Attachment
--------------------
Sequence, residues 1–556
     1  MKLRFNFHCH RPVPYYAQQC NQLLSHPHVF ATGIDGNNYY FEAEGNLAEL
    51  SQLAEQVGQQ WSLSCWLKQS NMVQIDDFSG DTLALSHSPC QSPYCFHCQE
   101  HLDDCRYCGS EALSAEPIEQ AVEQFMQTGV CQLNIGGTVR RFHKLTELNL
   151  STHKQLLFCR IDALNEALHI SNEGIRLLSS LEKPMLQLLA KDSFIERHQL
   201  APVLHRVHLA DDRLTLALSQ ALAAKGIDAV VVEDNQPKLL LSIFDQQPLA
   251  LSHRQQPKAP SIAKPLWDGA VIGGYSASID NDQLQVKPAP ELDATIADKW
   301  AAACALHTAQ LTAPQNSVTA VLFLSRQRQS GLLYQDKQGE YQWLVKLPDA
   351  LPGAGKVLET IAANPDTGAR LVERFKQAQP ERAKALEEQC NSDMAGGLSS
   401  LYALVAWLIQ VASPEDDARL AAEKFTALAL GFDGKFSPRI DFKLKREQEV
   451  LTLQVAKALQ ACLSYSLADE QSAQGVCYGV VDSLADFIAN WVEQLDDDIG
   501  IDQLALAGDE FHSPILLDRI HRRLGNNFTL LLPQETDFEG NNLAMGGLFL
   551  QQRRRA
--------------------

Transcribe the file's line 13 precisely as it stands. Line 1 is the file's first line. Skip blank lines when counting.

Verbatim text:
   551  QQRRRA